Keep Away Basic Illnesses
No one likes getting sick. Even something as basic as the common cold is more than many people want to deal with. The coughing, sneezing, runny nose, aches, and that run down feeling can last for days and impact your work and your life. While it’s impossible to completely prevent getting sick, there are a lot of things you can do to boost your immune system and hopefully cut down on how often you simply feel bad and for how long this feeling lasts.
A basic illness can be anything that is passed around, including the cold, a stomach bug, or any other issue. It’s often categorized by simply feeling bad for a short amount of time. Going to the doctor sometimes doesn’t provide any relief, especially if it’s caused by a virus of some sort. In many cases, all you can really do is let it run its course, and these types of basic illnesses are usually gone within a few days.
Facts about the Cold
However, that’s not exactly true with some illnesses like the common cold. According to the American Lung Association, the average adult gets between two and four colds every year, and sometimes they run into each other so it seems like you have one long, unending cold. There are more than 200 viruses that can cause the cold, too, although the rhinovirus is the most common culprit. Some colds only last about a week, but for those in poor health, children, or the elderly, they can last for much longer. Children and the elderly, in fact, often have between six and eight colds every year! Part of this is because the cold is very contagious and often gets passed back and forth between families.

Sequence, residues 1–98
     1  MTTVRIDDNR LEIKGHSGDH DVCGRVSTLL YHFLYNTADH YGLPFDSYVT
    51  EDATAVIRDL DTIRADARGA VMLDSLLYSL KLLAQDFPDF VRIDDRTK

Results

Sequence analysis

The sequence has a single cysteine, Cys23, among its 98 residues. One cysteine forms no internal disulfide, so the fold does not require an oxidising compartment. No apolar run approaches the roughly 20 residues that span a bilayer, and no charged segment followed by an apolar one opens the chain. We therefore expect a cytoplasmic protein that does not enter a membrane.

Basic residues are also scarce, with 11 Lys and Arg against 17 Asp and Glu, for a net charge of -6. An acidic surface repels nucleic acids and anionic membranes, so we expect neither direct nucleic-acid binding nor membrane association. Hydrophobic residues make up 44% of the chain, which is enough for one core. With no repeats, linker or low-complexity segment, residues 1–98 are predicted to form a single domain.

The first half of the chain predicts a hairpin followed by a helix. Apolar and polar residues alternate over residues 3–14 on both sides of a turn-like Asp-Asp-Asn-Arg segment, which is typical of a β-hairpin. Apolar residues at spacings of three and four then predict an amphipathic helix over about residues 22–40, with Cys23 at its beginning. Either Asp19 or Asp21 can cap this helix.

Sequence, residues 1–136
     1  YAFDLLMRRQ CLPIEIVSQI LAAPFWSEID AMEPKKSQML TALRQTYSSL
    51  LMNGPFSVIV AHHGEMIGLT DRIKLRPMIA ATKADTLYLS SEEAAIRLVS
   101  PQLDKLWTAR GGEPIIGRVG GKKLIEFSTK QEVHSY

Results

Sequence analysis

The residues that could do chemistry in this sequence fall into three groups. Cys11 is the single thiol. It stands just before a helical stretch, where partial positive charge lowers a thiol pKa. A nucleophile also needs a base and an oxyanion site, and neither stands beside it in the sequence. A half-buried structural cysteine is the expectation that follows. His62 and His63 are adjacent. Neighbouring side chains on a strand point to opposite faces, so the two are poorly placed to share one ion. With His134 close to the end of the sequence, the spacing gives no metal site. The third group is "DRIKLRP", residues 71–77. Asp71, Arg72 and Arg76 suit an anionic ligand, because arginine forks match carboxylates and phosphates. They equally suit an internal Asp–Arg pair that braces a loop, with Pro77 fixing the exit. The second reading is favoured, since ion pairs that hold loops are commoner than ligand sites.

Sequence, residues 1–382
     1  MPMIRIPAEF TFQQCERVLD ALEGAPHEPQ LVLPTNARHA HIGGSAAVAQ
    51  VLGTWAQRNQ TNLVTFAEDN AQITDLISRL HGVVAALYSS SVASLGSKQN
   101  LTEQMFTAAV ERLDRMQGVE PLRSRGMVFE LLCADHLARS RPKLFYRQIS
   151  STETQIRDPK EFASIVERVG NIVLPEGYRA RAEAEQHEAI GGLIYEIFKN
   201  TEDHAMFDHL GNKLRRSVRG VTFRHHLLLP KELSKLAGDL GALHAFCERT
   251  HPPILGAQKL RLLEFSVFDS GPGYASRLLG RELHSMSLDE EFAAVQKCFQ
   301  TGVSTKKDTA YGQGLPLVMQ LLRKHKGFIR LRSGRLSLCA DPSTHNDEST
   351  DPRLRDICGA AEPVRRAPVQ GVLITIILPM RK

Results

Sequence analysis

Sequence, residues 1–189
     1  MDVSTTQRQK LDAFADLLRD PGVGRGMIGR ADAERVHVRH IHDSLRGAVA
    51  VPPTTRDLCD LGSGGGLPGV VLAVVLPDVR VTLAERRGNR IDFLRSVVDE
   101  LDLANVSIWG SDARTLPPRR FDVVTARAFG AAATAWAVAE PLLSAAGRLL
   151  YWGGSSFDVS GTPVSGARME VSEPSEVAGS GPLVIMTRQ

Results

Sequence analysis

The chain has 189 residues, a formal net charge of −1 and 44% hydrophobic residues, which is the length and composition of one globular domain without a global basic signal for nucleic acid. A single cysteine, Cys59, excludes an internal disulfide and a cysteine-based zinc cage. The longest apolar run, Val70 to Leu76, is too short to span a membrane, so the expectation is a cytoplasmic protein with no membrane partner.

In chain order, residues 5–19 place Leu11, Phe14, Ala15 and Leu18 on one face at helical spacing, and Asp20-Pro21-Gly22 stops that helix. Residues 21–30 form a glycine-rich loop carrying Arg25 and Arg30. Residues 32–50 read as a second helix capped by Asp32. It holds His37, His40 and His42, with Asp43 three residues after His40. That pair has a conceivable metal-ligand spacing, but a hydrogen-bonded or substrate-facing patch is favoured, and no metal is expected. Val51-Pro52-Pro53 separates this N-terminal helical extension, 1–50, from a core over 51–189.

Over the Counter Medication
Most people start taking over the counter cold medication when they feel themselves getting sick. They’ll start taking pills for runny nose, stuffiness, sneezing, and aches and pains. These pills may seem to help sometimes, but after a while, it feels like they’re doing no good at all. Plus there’s the fact that you’re adding a lot of different medications to your system. What will all of those different drugs do when they add up and interact? There are some medications that you shouldn’t mix. Some people may also not be able to take some of these common cold medications because they will interact with the prescription medications that they’re taking. Always be sure to talk to your doctor before you start taking any medications, even over the counter ones, if there’s a chance that they could interfere with your medical treatment.
Boost your Immune System with Vitamin C
Many people try to cut off being sick by building up their immune systems. This is most often done by taking large amounts of Vitamin C. It can certainly work, too. Vitamin C helps to supercharge the immune system. It helps to increase circulation and stimulate the production of bile, both of which help fight off disease, too.
This powerful vitamin has been used as a remedy for decades, and although doctors will say there’s no medical proof that it works, many people swear by it. Vitamin C is used by the body for a number of things. It provides a good source of antioxidants, which help keep the body’s cells healthy. It also helps in building muscles, blood vessels, and bones. It helps the body create collagen and take in iron. One of the problems, though, is that it’s not stored within the body. That’s why many people take Vitamin C supplements on a daily basis.
You may also want to start taking an acai berry supplement. Research has shown that a supplement such as the acai berry may be able to provide you with a number of benefits.
These statements have not been evaluated by the FDA. These products are not intended to treat, diagnose, or cure any diseases.